First M87 Event Horizon Telescope Results. VI. the Shadow and Mass of the Central Black Hole

Research output: Contribution to journalArticleScientificpeer-review

Researchers

Research units

  • National Radio Astronomy Observatory Socorro
  • Massachusetts Institute of Technology
  • National Astronomical Observatory of Japan
  • Harvard University
  • CSIC
  • Max Planck Institute for Radio Astronomy
  • Academia Sinica - Institute of Astronomy and Astrophysics
  • University of Valencia
  • University of Arizona
  • East Asian Observatory
  • Nederlandse Onderzoekschool voor Astronomie
  • California Institute of Technology
  • Academia Sinica Taiwan
  • Institut de Radio Astronomie Millimétrique
  • Radboud University Nijmegen
  • Perimeter Institute for Theoretical Physics
  • University of Waterloo
  • Korea Astronomy and Space Science Institute
  • University of Science and Technology UST
  • University of Chicago
  • Cornell University
  • University of Amsterdam
  • CAS - Shanghai Astronomical Observatory
  • Chinese Academy of Sciences
  • Chalmers University of Technology
  • Graduate University for Advanced Studies
  • University of Naples Federico II
  • Goethe University Frankfurt
  • University of Pretoria
  • Rhodes University
  • Max Planck Institute for Extraterrestrial Physics
  • Universidad de Concepcion

Abstract

We present measurements of the properties of the central radio source in M87 using Event Horizon Telescope data obtained during the 2017 campaign. We develop and fit geometric crescent models (asymmetric rings with interior brightness depressions) using two independent sampling algorithms that consider distinct representations of the visibility data. We show that the crescent family of models is statistically preferred over other comparably complex geometric models that we explore. We calibrate the geometric model parameters using general relativistic magnetohydrodynamic (GRMHD) models of the emission region and estimate physical properties of the source. We further fit images generated from GRMHD models directly to the data. We compare the derived emission region and black hole parameters from these analyses with those recovered from reconstructed images. There is a remarkable consistency among all methods and data sets. We find that >50% of the total flux at arcsecond scales comes from near the horizon, and that the emission is dramatically suppressed interior to this region by a factor >10, providing direct evidence of the predicted shadow of a black hole. Across all methods, we measure a crescent diameter of 42 ±3 μas and constrain its fractional width to be <0.5. Associating the crescent feature with the emission surrounding the black hole shadow, we infer an angular gravitational radius of GM/Dc 2 =3.8 ±0.4 μas. Folding in a distance measurement of gives a black hole mass of . This measurement from lensed emission near the event horizon is consistent with the presence of a central Kerr black hole, as predicted by the general theory of relativity.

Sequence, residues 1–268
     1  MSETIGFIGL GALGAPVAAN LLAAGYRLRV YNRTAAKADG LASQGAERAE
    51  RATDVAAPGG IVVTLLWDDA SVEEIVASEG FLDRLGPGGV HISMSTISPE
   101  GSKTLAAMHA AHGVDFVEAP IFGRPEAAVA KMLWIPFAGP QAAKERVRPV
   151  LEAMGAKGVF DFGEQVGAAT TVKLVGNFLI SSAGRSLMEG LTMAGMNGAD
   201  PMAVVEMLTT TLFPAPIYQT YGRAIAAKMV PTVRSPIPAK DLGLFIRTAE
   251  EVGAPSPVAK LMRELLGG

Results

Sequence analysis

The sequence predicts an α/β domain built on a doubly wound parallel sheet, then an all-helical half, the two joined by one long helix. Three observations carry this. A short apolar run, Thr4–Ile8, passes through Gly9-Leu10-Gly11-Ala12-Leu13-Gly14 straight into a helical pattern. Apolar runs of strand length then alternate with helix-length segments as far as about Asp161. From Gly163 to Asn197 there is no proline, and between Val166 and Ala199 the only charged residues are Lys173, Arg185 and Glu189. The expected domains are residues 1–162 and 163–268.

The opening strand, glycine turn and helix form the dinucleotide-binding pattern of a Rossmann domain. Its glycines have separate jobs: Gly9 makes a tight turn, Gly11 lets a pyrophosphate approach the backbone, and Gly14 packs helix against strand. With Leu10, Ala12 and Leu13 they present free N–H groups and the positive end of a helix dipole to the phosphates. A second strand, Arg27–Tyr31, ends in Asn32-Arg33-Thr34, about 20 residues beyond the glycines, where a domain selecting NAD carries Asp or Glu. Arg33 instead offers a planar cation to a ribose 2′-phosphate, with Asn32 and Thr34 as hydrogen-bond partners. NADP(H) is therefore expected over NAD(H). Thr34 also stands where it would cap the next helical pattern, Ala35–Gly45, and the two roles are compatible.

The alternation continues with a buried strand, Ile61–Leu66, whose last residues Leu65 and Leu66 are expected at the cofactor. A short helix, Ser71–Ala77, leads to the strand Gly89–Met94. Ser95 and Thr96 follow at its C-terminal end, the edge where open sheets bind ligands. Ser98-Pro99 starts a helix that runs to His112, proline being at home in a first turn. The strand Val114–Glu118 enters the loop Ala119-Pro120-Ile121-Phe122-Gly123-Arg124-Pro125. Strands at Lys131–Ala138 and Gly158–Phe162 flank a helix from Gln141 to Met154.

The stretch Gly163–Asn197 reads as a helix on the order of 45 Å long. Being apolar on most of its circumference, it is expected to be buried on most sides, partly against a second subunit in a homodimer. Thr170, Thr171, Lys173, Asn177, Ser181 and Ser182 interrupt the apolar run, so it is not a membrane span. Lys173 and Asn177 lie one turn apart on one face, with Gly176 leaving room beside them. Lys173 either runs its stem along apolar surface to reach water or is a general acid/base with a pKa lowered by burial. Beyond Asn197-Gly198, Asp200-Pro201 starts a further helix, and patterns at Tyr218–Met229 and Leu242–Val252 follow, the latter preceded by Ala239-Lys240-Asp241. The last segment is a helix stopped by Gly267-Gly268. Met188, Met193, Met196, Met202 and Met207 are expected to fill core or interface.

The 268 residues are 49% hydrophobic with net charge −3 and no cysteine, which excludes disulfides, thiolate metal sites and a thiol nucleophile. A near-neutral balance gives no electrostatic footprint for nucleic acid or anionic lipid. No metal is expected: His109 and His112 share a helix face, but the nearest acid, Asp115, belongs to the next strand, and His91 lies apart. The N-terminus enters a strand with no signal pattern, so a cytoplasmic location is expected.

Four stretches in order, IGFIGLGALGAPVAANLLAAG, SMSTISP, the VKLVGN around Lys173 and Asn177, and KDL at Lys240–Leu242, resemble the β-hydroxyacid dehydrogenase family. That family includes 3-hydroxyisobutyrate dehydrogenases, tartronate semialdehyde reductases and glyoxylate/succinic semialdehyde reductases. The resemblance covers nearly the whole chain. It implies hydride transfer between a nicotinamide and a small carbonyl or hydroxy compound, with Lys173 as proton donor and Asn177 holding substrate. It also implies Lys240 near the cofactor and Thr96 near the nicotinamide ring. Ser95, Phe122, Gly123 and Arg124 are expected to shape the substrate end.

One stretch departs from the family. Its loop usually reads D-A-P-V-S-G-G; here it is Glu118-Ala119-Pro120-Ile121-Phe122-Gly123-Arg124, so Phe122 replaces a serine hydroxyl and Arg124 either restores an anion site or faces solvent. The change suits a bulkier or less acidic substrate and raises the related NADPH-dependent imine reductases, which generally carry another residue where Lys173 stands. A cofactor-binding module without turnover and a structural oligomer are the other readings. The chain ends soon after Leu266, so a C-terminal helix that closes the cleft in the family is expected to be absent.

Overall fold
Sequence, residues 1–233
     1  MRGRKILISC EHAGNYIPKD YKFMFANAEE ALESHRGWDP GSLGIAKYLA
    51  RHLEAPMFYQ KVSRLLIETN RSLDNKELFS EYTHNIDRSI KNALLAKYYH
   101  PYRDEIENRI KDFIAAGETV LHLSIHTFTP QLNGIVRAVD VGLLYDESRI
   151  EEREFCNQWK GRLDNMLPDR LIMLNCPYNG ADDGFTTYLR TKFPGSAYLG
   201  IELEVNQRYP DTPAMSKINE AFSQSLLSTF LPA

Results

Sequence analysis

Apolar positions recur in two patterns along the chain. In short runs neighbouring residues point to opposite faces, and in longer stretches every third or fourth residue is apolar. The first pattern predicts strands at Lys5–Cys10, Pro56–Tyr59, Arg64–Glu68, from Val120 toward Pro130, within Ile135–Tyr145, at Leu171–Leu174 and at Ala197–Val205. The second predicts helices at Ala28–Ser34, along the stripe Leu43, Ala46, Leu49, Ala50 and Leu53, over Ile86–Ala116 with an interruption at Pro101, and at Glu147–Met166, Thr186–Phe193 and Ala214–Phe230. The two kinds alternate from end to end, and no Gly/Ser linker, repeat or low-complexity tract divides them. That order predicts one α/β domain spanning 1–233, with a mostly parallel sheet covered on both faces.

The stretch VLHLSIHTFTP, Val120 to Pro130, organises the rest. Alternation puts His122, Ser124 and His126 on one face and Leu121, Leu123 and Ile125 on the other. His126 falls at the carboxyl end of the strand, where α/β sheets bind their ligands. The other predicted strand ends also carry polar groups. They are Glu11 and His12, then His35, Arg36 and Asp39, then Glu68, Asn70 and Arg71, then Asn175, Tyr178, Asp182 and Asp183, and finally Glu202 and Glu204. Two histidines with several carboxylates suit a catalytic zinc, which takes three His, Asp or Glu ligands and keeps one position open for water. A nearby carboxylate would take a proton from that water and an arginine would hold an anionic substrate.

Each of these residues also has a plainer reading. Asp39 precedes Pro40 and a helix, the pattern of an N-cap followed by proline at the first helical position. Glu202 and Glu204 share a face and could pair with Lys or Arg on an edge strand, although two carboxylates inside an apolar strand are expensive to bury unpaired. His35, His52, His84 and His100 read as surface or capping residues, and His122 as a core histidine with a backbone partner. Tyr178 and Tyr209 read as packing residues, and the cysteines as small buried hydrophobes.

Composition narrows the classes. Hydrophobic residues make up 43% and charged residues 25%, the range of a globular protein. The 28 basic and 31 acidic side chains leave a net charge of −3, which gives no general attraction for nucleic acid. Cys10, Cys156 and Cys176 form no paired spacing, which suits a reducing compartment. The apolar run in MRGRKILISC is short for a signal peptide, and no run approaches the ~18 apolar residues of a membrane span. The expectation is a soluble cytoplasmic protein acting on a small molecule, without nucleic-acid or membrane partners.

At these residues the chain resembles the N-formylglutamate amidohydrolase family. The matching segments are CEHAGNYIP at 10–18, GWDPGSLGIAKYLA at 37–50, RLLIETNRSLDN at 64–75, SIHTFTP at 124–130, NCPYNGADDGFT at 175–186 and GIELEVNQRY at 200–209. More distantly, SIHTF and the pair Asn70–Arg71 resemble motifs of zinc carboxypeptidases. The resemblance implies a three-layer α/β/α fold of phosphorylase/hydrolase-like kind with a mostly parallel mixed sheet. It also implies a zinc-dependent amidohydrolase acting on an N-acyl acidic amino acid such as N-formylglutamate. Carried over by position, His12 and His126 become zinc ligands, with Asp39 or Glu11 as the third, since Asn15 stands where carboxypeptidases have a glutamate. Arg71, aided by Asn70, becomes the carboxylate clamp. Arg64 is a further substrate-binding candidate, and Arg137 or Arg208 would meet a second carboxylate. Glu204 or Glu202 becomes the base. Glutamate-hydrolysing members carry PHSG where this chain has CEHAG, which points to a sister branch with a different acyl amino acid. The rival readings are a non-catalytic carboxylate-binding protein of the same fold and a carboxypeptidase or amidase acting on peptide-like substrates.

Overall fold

Details

Original languageEnglish
Article numberL6
JournalAstrophysical Journal Letters
Volume875
Issue number1
Publication statusPublished - 10 Apr 2019
MoE publication typeA1 Journal article-refereed

    Research areas

  • black hole physics, galaxies: individual (M87), gravitation, techniques: high angular resolution, techniques: interferometric

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